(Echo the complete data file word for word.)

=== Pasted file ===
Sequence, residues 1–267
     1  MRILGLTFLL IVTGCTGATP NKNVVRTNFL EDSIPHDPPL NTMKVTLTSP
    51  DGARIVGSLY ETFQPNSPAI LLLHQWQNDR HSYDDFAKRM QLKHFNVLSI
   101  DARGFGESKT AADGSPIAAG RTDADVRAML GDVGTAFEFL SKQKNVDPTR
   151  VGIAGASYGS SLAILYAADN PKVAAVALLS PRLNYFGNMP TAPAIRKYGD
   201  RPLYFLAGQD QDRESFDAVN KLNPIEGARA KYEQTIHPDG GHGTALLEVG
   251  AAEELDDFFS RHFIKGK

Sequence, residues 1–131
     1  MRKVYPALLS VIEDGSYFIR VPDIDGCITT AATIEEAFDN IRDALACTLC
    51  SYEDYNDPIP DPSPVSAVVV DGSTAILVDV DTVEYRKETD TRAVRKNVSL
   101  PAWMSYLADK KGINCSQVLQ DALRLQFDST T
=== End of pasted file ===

Sequence, residues 1–267
     1  MRILGLTFLL IVTGCTGATP NKNVVRTNFL EDSIPHDPPL NTMKVTLTSP
    51  DGARIVGSLY ETFQPNSPAI LLLHQWQNDR HSYDDFAKRM QLKHFNVLSI
   101  DARGFGESKT AADGSPIAAG RTDADVRAML GDVGTAFEFL SKQKNVDPTR
   151  VGIAGASYGS SLAILYAADN PKVAAVALLS PRLNYFGNMP TAPAIRKYGD
   201  RPLYFLAGQD QDRESFDAVN KLNPIEGARA KYEQTIHPDG GHGTALLEVG
   251  AAEELDDFFS RHFIKGK

Sequence, residues 1–131
     1  MRKVYPALLS VIEDGSYFIR VPDIDGCITT AATIEEAFDN IRDALACTLC
    51  SYEDYNDPIP DPSPVSAVVV DGSTAILVDV DTVEYRKETD TRAVRKNVSL
   101  PAWMSYLADK KGINCSQVLQ DALRLQFDST T